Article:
The “transnational turn” in U.S. historiography has made scholars aware of the interdependence of U.S. history on the history of the rest of the world. It has had a particularly significant impact on intellectual and cultural history, which is now written with an eye towards international currents and contexts. This graduate readings class will present several significant examples of works that use transnational projects—some set in the borderlands, some not—to generate new insight into the history of the United States. We will use their examples to think through how borderlands history anticipates and can take advantage of the transnational turn.

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The computer file problem

I have 30 years worth of computer files. Most, except those very most recently worked on, are backed up in Dropbox and on a flash drive or four. They are very disorganized — there are folders within folders and it is terrible. I need to sit down and go through all of these, put them in a more working order, and do it in such a way as I back up what I am working on more systematically, but I am not sure where to begin. I have very few files on my office computer and have thought of erasing these, then starting to build a file system on it from scratch, then putting this in Dropbox, but even so it is not clear to me how to start, that is to say, what architectural concept to go on. The current one is basically Computer 1, 2, 3, and so on … except that files from these overlap so I cannot reliably go by year even if I wanted to. I practically think I need an archivist, but what do you do?

A. You can just search for stuff in Dropbox though, so no need to organize things.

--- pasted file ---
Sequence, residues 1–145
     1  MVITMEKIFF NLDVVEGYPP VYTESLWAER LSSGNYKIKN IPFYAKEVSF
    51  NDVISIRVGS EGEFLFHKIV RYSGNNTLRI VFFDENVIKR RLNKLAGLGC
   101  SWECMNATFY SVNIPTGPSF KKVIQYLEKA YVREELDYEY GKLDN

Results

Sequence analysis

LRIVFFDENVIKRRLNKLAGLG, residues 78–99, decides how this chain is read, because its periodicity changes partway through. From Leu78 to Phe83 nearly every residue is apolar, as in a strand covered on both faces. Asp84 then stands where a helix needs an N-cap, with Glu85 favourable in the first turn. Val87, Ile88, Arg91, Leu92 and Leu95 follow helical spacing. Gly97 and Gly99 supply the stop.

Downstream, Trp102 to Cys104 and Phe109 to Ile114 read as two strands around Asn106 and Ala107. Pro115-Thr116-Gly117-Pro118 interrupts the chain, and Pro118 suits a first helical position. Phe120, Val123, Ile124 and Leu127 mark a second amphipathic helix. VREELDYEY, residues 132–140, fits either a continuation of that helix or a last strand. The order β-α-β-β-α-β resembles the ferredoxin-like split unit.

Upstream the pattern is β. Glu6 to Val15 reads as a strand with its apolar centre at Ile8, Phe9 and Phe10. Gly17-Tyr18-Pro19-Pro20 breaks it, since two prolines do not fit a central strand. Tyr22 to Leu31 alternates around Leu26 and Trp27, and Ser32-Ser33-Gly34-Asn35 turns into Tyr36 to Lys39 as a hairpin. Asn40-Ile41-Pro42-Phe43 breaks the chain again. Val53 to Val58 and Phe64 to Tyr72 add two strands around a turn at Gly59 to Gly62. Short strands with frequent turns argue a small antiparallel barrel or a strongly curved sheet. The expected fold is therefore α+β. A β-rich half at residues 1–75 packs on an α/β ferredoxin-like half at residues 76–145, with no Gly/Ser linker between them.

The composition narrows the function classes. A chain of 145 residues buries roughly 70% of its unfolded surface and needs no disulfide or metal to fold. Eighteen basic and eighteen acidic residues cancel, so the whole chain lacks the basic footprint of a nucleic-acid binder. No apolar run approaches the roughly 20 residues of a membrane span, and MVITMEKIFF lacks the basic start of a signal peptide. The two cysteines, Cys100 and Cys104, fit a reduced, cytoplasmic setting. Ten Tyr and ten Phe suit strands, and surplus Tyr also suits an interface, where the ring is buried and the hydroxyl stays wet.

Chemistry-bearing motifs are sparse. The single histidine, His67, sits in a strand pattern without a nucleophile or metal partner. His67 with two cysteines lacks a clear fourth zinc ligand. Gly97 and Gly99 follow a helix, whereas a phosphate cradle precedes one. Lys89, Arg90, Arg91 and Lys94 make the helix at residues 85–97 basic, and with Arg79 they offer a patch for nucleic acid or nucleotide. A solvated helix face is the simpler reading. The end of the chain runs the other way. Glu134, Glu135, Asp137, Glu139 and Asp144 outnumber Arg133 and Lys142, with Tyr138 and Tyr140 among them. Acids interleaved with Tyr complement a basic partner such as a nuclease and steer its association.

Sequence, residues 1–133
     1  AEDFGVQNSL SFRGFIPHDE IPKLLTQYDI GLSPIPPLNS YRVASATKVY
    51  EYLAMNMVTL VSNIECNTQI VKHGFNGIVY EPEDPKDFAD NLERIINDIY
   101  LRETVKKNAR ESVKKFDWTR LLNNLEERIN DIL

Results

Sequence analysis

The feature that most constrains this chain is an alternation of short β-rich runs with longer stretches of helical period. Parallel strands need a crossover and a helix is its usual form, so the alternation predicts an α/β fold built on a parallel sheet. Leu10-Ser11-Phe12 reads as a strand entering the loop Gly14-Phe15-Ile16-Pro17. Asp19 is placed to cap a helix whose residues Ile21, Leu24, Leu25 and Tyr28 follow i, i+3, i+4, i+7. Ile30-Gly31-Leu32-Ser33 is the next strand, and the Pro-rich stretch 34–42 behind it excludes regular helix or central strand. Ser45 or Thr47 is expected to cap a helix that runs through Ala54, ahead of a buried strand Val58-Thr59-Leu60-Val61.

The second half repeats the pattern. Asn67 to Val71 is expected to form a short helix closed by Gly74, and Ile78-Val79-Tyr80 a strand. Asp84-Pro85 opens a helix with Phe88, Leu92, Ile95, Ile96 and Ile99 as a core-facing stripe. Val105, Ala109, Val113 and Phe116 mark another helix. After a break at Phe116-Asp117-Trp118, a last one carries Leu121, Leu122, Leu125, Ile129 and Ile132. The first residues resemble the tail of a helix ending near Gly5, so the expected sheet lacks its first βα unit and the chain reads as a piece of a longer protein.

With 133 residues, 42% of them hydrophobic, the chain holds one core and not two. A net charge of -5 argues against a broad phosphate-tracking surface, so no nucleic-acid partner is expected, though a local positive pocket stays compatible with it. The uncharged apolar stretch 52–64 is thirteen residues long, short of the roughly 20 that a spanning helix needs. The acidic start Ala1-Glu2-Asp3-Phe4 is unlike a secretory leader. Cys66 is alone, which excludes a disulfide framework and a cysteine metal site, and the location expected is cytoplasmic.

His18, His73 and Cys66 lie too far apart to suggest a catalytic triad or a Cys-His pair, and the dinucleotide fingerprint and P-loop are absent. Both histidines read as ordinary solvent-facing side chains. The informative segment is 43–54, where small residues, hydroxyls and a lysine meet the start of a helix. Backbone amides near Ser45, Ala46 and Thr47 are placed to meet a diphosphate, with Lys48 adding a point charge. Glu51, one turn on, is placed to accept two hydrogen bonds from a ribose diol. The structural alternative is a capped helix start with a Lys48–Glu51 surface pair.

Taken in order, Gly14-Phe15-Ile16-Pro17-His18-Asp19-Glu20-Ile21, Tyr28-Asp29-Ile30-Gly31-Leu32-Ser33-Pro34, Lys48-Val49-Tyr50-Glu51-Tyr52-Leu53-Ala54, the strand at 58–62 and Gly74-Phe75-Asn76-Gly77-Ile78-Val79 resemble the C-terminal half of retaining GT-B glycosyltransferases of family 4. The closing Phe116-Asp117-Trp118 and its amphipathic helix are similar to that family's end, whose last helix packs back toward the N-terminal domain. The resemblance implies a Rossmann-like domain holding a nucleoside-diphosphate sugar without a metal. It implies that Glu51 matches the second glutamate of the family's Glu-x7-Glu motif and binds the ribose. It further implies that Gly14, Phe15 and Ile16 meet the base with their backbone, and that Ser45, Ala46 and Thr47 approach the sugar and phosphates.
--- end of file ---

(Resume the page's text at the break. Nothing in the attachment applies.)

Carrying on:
A. Get some freeware to delete doubles. Perhaps begin by sorting by file type and date: “word-2015” and so on. Also use global search programs that make “finding” more or less irrelevant.

A. If you download an duplicate finder like Duplicate Detective, you can run it and it will tell you how many files you have, how many duplicates there are and where they are located etc, etc., without deleting/merging anything. There are settings that provide you with a list of duplicates and then let you delete each file manually if you want. Also, when you learn how many files you’ve got on your machine, you might change your mind about doing everything manually. When I first ran Duplicate Detective, I learned I had tens of thousands of files, waaaayyyy too many to sort by hand. So I just backed everything up well in two places and then merged everything automatically and I haven’t had any problems yet. It freed up a ton of space for me very quickly.

 I also love this thing: Disk Inventory X

Disk Inventory X, disk usage utility for Mac OS X from derlien.com

A. Take some time and read David Spark’s e-book, Paperless. Among other things, it goes over how to structure a paperless life with hardware, software, apps, and wetware (your brain). He’s mac-based, but many of his suggestions are platform agnostic. There’s also several sites that are specifically geared to helping academics, like Macademic, think through those who have research, writing, and teaching needs.

You’ll have to put in some time developing a larger system that makes sense. For example, for my oldest archives I use year-month but anything from 2000 onward that I’m scanning and archiving uses year-month-date; this sorts all files in chronological order. Dates are always date created. I have several categories for research, so this is similar to tagging, but I have broad categories for files. I use a particular strategy for correspondence: Pea–> Person or Person–>Pea. I also organize into folders because I was good at doing this with physical files, but it doesn’t matter as much when you can search for files across all folders.

I use a combination of filing software (Hazel), apple macros, and text expander software so I don’t have to type everything out. I manage research in bibliographic software.

It’s important to work this out an create a map to guide me—mine is color coded and big and on the wall near my desk. Whatever Hazel doesn’t clean up for me gets put in a folder TO BE FILED on my desktop. Every few weeks I tackle this (and scan any hard copies) and use my map to do my best. By having & using the map, at least I know I should use/used one of the terms there when I start my search for a file.

My dropbox mirrors my hard drive filing system; that makes it easier when I share folders with colleagues and clients, too.



I’m pleased to announce the release of my latest Video Field Guide. This one is all about Hazel. For years,…